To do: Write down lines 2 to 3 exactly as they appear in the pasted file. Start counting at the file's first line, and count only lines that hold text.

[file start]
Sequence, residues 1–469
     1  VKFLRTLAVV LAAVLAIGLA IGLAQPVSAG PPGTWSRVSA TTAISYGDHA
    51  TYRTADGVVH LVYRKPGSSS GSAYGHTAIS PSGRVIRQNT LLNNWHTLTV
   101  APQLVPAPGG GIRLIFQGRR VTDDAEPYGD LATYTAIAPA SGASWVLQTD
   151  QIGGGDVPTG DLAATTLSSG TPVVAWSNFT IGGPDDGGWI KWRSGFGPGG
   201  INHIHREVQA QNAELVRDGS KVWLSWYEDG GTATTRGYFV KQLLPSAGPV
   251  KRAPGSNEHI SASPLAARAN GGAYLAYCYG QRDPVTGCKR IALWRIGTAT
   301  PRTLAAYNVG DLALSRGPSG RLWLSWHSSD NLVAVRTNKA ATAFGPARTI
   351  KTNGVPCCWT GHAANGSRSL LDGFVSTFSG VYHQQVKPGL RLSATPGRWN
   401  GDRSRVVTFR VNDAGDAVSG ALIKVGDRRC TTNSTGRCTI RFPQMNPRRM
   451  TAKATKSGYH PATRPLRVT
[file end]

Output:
     1  VKFLRTLAVV LAAVLAIGLA IGLAQPVSAG PPGTWSRVSA TTAISYGDHA
    51  TYRTADGVVH LVYRKPGSSS GSAYGHTAIS PSGRVIRQNT LLNNWHTLTV